In agreement with previous results, we were unable to detect TLR9 on the surface of transfected cells or B cell lines, although these same cells clearly expressed TLR9 intracellularly. When TLR9 was either labeled with a fluorescent mAb or fused to a fluorescent protein, it was located in a perinuclear reticular compartment that colocalized with ER markers, but not with markers specific for endocytic vesicles or, more importantly, lysosomes where it has been detected after stimulation with CpG ODN. Endogenously expressed TLR9 in B cells or ectopically expressed TLR9 in transfectants was sensitive to digestion with EndoH, an enzyme that digests immature N-linked sugars that are added in the ER but are modified to an EndoH-resistant form in the Golgi. In fact, newly synthesized TLR9 remained sensitive to EndoH digestion even after 8 h. Because most proteins traffic directly to the Golgi from the ER, the EndoH sensitivity of TLR9 in unstimulated cells suggests that the TLR9 has never left the ER. Although we have observed that TLR9 is located in the ER in several cell types, we cannot rule out that in other cells, TLR9 may reside in a different cellular compartment. The precedence for this is TLR4, which has been shown to reside in a distinct compartment depending upon the cell type examined (18, 19, 20).
It is unclear how TLR9 reaches the lysosome where stimulation by CpG DNA occurs. One possibility is suggested by recent studies of Desjardins and colleagues (21, 22) who demonstrated that the ER supplies membrane and ER proteins to phagosomes during particle engulfment. Because bacterial DNA is released in phagosomes following lysis, TLR9 might enter the phagosome directly from the ER. According to this hypothesis, the ER is the predicted location of TLR9 in resting cells. In contrast to phagocytosis, soluble CpG DNA is taken up in nonphagocytic cells such as B cells, by receptor-mediated and fluid phase endocytosis. This process also has important biological consequences; it stimulates responses that protect against pathogens (23) but may also contribute to systemic autoimmune diseases (9, 10). Endocytosis of soluble molecules such as CpG DNA leads to their entry into early and late endosomes and lysosomes. Unlike phagosomes, these vesicles are formed from membranes that bud off from the plasma membrane or Golgi, and not by direct fusion with the ER. Nevertheless, the direct fusion between endosomes and the ER may occur by a previously unknown pathway. In favor of the direct pathway of ER to endosomes, we have not detected an EndoH-resistant form of TLR9 following stimulation of cells with CpG ODN (C.A.L., unpublished observations). Indeed, Latz et al. (24) suggest that an EndoH-sensitive form of TLR9 reaches early endosomes, where CpG DNA is localized soon after endocytosis. Biotinylation studies demonstrated that upon CpG DNA stimulation, a small amount of TLR9 becomes accessible to the extracellular environment, possibly by ER to endosome fusion. However, if a small fraction of TLR9 molecules trafficked to vesicles by the conventional pathway (via the Golgi), then our current studies, and those of Latz (24), may not be sensitive enough to detect the presence of mature sugars on TLR9. Thus, we cannot rule out the possibility that TLR9 may pass through the Golgi en route to the CpG-containing vesicles by a conventional mechanism. Studies are currently underway to identify which mechanism(s) are involved.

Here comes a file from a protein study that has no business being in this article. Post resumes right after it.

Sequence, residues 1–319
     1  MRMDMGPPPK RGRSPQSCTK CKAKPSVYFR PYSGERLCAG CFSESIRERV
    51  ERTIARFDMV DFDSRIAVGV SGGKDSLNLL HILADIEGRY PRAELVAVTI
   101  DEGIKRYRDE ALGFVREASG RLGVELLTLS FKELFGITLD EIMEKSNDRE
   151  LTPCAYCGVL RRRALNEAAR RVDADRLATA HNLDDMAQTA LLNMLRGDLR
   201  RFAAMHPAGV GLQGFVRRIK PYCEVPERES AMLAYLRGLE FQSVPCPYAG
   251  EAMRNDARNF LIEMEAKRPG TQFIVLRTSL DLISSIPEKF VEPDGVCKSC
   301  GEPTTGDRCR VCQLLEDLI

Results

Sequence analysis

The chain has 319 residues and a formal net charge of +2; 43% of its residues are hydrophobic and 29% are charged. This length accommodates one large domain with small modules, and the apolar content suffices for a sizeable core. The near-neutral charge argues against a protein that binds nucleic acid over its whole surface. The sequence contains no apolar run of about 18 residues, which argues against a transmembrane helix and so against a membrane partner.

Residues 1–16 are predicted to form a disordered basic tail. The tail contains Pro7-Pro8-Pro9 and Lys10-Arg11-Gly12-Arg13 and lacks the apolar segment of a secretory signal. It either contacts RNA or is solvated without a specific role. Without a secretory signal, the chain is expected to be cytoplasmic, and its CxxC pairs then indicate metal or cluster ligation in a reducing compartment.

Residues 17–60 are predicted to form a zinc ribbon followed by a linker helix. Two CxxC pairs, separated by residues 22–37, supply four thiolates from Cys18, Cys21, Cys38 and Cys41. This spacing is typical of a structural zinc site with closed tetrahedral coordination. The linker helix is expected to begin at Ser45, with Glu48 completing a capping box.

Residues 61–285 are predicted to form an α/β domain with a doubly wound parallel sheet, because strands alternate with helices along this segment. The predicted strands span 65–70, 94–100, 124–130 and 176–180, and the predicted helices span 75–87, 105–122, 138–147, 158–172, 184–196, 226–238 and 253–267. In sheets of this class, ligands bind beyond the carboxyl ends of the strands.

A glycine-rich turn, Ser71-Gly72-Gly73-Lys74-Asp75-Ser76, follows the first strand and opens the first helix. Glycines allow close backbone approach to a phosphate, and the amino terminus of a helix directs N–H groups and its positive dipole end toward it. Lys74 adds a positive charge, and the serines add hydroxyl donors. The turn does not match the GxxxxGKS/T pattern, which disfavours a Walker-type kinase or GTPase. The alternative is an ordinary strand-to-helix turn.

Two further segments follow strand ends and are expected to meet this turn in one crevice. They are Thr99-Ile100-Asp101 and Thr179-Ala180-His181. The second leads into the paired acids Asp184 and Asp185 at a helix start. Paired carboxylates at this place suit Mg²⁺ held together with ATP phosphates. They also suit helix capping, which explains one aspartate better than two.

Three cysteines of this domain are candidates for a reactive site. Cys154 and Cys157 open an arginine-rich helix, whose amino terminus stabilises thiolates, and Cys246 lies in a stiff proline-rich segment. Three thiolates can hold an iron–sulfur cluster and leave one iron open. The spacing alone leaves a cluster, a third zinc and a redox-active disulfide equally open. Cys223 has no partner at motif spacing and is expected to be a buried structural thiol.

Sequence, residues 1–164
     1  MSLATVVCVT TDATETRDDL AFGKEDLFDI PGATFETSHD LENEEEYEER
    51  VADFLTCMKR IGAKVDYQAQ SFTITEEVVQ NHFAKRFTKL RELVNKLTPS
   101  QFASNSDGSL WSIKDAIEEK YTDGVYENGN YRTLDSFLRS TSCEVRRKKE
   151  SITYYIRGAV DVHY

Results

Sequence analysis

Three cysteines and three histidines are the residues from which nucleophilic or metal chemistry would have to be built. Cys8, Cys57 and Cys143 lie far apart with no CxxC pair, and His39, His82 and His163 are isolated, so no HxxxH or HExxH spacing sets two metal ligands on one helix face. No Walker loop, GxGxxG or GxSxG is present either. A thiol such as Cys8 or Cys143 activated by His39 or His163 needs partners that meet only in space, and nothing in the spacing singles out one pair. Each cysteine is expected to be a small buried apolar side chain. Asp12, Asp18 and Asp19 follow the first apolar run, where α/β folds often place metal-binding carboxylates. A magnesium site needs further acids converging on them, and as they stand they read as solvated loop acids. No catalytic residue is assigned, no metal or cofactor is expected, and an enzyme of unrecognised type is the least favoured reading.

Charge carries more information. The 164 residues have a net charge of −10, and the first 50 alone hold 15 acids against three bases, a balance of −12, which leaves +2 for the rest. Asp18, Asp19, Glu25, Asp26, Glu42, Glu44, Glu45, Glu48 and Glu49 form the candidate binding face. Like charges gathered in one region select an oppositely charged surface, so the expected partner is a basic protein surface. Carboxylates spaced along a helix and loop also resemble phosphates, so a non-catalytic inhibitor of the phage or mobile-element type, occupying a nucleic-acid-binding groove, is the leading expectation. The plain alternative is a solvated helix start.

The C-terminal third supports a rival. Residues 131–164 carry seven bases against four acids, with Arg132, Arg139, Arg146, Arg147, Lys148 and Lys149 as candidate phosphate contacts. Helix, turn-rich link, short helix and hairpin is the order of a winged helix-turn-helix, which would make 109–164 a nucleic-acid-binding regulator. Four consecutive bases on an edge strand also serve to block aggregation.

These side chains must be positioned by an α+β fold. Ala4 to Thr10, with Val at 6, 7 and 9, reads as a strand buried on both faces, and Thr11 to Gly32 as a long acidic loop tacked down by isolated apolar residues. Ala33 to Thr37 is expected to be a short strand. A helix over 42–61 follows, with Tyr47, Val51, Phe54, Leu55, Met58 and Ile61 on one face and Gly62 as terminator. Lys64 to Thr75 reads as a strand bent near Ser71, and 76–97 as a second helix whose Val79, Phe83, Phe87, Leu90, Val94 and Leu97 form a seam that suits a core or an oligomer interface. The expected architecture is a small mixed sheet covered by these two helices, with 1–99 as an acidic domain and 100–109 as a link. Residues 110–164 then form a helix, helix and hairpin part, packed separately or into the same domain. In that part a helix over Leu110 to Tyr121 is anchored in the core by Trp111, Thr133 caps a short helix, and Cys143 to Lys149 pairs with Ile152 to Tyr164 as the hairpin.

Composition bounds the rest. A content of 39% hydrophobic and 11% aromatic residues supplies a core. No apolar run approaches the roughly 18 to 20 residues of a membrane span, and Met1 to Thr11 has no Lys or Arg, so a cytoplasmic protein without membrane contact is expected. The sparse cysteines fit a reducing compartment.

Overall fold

Abbreviations used in this paper: PAMP, pathogen-associated molecular pattern; CFP, cyan fluorescent protein; DC, dendritic cell; EndoH, endoglycosidase H; ER, endoplasmic reticulum; HA, hemagglutinin; LSC, laser scanning confocal; ODN, oligodeoxynucleotide; PNGaseF, peptide:N-glycosidase F; RFP, red fluorescent protein; YFP, yellow fluorescent protein.